Pneumatic artificial muscles (PAMs) are comprised of an elastomeric bladder surrounded by a braided mesh sleeve. When the bladder is inflated, the actuator may either contract or extend axially, with the direction of motion dependent on the orientation of the fibers in the braided sleeve. Contractile PAMs have excellent actuation characteristics, including high specific power, specific work, and power density. Unfortunately, extensile PAMs exhibit much reduced blocked force, and are prone to buckling under axial compressive loading. For applications in which extensile motion and compressive force are desired, the push-PAM actuator introduced here exploits the operational characteristics of a contractile PAM, but changes the direction of motion and force by employing a simple internal mechanism using no gears or pulleys. Quasi-static behavior of the push-PAM was compared to a contractile PAM for a range of operating pressures. Based on these data, the push-PAM actuator can achieve force and stroke comparable to a contractile PAM tested under the same conditions.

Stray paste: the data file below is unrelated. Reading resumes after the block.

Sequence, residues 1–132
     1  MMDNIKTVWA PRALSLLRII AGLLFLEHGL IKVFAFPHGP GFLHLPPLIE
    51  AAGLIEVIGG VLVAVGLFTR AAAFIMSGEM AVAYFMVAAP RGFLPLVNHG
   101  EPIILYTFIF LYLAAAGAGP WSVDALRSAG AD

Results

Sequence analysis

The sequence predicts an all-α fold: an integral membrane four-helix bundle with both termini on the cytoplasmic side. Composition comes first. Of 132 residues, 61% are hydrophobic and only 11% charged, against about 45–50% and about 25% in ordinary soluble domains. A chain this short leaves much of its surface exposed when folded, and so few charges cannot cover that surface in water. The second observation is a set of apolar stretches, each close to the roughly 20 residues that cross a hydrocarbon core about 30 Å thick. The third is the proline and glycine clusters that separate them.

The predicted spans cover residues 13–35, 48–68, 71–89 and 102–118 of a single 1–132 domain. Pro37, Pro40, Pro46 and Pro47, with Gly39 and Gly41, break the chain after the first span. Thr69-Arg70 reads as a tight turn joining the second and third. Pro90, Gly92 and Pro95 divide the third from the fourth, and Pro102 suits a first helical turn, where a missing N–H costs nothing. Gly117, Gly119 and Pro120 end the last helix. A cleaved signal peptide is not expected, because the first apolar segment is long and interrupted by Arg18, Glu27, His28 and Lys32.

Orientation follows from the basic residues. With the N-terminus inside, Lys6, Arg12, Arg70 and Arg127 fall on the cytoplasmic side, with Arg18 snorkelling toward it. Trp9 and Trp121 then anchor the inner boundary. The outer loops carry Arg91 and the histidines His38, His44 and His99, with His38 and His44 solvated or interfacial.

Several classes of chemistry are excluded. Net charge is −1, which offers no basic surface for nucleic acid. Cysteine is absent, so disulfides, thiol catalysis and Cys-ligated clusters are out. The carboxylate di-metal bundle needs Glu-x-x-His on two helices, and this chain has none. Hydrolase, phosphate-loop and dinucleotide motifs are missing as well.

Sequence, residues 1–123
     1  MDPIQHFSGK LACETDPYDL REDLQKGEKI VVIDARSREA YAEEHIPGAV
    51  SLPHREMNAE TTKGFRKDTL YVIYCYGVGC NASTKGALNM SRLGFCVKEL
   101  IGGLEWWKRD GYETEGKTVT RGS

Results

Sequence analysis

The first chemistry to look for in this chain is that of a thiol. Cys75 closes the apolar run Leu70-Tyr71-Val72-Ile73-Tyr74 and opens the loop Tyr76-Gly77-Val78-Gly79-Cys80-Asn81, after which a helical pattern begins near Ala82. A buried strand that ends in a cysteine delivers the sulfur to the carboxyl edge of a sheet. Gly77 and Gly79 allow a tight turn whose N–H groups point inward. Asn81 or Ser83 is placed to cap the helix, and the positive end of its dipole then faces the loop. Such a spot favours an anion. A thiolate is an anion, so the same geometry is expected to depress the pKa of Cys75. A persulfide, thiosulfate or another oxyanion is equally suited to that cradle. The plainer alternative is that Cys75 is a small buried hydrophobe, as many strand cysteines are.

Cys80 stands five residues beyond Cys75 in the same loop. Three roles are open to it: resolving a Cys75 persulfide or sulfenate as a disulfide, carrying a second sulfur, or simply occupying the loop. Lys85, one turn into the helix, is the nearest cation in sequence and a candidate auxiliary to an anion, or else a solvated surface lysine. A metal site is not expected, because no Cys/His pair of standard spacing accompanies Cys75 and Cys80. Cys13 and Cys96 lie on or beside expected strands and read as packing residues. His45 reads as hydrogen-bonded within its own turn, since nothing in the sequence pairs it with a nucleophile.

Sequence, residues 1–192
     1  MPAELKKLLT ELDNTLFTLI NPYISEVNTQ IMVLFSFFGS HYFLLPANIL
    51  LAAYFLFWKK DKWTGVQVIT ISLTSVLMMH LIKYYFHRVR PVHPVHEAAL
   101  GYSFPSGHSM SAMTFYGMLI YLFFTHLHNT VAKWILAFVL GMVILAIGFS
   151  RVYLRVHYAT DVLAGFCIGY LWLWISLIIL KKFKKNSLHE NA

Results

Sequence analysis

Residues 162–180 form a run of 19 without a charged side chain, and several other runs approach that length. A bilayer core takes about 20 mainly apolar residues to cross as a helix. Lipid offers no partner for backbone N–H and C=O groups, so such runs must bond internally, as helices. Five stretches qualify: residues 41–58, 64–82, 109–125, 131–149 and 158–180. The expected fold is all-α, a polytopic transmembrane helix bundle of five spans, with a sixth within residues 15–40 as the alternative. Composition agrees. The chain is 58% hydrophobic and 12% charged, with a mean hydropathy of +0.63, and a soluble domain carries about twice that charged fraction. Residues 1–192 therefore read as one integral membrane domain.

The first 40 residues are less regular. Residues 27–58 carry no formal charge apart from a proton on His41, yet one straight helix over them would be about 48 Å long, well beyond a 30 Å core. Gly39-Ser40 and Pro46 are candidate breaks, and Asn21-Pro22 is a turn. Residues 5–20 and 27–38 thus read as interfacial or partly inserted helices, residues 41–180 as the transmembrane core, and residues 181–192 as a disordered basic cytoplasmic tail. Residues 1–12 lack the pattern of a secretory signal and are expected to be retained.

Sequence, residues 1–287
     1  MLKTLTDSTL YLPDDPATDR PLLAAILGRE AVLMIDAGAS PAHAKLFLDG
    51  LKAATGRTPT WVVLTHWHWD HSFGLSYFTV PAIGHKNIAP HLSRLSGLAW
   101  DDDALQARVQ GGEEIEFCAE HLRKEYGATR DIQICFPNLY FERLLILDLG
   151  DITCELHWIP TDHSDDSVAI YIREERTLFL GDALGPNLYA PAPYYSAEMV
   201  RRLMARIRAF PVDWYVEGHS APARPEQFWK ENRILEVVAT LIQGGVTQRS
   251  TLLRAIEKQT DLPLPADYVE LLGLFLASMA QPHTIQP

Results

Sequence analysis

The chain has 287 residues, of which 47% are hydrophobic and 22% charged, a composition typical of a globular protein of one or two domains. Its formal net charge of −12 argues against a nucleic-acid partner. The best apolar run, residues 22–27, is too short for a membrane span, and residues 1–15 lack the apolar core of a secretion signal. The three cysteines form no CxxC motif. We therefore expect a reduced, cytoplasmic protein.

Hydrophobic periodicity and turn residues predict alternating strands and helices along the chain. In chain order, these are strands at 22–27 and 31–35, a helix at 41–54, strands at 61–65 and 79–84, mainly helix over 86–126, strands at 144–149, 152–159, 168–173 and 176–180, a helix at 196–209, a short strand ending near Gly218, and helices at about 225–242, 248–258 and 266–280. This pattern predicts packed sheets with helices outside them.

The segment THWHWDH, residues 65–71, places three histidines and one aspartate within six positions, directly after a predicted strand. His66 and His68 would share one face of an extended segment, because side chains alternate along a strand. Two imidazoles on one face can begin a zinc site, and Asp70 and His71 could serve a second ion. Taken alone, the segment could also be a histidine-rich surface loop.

|Journal||Journal of Dynamic Systems, Measurement and Control, Transactions of the ASME|
|Publication status||Published - 1 May 2014|
- blocked force
- free contraction
- nonlinear elastic analysi
- pneumatic artificial muscle
- pressure dead band